VMWare’s native disk format is VMDK, which is only partially understood by free tools like qemu-img. qemu-img breaks quite badly on the newer variant that ESX 4 uses. Then there’s the issue of how you get the VMDK file from VMWare’s storage. Use their proprietary storage APIs?
Well it turned out both problems could be solved easily. VMWare ESX servers make the storage available over https connections, so you can use a URL like
https://root:password@esxserver/folder/ to browse available storage on the server. And VMWare also makes the raw (“flat”) disk images available in the same way.
libvirt has supported ESX management for a while (thanks again to Matthias Bolte), so you can do:
$ sudo virsh -c esx://192.168.2.121/?no_verify=1 list --all Enter username for 192.168.2.121 [root]: Enter root password for 192.168.2.121: Id Name State ---------------------------------- - TestLinux shut off - TestWin shut off
(Note that the domains must be shut off before VMWare will allow you to access the flat disk images).
Then we can get the storage URL:
$ sudo virsh -c esx://192.168.2.121/?no_verify=1 dumpxml TestLinux > /tmp/xml $ grep '<source file' /tmp/xml <source file='[Storage1] TestLinux/TestLinux.vmdk'/>
And from that storage URL you can grab the disk image directly:
$ wget --no-check-certificate 'https://root:firstname.lastname@example.org/folder/TestLinux/TestLinux-flat.vmdk?dcPath=ha-datacenter&dsName=Storage1'
The large flat file downloaded is a straight raw disk image that can be examined directly in programs like guestfish and virt-inspector:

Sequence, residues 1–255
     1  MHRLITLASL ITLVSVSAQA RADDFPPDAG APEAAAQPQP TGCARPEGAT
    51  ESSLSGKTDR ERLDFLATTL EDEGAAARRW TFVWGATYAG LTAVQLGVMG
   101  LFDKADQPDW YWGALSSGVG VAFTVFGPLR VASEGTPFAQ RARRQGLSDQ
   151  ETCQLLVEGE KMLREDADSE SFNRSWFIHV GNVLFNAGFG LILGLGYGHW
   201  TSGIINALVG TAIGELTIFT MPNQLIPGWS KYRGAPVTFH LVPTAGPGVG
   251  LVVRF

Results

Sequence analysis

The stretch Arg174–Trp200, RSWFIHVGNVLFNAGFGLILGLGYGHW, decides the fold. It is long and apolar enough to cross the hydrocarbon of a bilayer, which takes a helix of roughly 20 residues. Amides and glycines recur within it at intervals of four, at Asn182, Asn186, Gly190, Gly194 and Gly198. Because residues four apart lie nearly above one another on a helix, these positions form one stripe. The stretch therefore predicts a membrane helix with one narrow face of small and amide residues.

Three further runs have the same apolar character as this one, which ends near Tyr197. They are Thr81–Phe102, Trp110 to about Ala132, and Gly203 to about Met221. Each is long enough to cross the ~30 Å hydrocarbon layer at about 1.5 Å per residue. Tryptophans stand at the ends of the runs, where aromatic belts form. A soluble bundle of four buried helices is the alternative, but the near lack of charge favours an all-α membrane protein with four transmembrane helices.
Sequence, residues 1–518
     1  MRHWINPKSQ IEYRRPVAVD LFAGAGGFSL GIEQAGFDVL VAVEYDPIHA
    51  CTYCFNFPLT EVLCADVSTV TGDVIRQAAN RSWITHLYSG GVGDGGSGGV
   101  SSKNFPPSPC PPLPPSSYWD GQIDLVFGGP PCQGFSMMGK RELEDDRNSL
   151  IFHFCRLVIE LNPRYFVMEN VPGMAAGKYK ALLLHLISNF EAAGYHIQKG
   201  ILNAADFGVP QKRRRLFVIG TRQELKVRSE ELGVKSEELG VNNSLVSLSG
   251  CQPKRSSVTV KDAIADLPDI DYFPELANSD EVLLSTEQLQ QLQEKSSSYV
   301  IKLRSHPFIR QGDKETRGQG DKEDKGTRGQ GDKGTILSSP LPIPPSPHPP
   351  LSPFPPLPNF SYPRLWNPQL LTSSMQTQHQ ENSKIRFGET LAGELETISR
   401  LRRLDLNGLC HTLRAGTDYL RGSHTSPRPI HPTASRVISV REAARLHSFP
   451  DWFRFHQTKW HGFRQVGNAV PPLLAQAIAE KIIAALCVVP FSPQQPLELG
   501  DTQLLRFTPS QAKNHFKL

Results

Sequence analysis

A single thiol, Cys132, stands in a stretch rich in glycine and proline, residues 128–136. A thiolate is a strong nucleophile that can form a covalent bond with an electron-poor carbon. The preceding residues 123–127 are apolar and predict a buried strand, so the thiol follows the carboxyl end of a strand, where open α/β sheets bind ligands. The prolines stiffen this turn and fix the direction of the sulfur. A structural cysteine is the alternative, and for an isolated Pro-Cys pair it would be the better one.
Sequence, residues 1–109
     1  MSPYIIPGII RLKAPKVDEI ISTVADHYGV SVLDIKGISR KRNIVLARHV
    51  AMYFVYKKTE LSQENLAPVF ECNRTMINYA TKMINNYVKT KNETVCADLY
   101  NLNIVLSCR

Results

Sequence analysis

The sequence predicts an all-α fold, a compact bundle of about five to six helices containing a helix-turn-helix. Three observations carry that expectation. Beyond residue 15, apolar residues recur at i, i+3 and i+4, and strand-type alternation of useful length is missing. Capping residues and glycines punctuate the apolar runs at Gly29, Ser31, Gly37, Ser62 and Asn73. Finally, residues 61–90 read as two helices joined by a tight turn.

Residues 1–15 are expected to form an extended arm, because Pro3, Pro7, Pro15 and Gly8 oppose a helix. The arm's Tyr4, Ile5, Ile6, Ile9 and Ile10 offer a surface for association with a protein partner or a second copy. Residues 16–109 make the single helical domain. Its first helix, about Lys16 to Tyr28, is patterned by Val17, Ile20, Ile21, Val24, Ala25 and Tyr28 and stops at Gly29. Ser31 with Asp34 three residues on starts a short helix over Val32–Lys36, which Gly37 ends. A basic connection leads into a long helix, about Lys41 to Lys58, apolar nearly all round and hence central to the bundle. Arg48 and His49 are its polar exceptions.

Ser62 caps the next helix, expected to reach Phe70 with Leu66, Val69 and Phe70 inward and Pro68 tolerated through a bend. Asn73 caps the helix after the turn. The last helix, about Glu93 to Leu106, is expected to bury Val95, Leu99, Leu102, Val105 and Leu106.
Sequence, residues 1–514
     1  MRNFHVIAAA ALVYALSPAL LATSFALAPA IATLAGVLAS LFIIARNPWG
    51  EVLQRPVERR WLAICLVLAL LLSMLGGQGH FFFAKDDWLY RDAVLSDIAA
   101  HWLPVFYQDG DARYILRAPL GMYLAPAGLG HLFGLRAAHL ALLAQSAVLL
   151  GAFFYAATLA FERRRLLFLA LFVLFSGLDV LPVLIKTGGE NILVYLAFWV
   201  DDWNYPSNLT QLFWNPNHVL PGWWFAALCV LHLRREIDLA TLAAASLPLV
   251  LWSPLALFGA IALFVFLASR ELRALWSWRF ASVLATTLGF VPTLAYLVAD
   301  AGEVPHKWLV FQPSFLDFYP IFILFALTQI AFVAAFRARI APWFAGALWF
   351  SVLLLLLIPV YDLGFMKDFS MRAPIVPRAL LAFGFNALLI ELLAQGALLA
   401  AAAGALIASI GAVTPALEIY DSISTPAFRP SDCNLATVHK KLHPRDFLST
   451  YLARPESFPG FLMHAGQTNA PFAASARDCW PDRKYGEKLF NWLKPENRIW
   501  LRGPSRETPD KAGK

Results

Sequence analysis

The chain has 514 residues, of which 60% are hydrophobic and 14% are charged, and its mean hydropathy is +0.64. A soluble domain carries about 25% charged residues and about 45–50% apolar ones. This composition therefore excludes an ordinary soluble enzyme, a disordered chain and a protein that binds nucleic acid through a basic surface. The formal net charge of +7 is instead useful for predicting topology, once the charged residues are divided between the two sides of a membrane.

$ virt-list-filesystems -al TestLinux-flat.vmdk /dev/sda1 ext4 /dev/vg_testlinux/lv_root ext4 /dev/vg_testlinux/lv_swap swap $ guestfish --ro -a TestLinux-flat.vmdk -m /dev/vg_testlinux/lv_root Welcome to guestfish, the libguestfs filesystem interactive shell for editing virtual machine filesystems. Type: 'help' for help with commands 'quit' to quit the shell ><fs> ll / total 116 dr-xr-xr-x. 23 root root 4096 Dec 30 06:27 . dr-xr-xr-x 29 root root 0 Dec 21 07:59 .. -rw-r--r--. 1 root root 0 Dec 30 06:27 .autofsck drwx------. 3 root root 4096 Dec 17 11:58 .dbus -rw-r--r--. 1 root root 0 Dec 17 12:50 .readahead_collect dr-xr-xr-x. 2 root root 4096 Dec 17 12:11 bin [etc]
It’s probably also possible to avoid the download step, since libguestfs is built on qemu which should support http(s) connections directly, but I didn’t try this yet.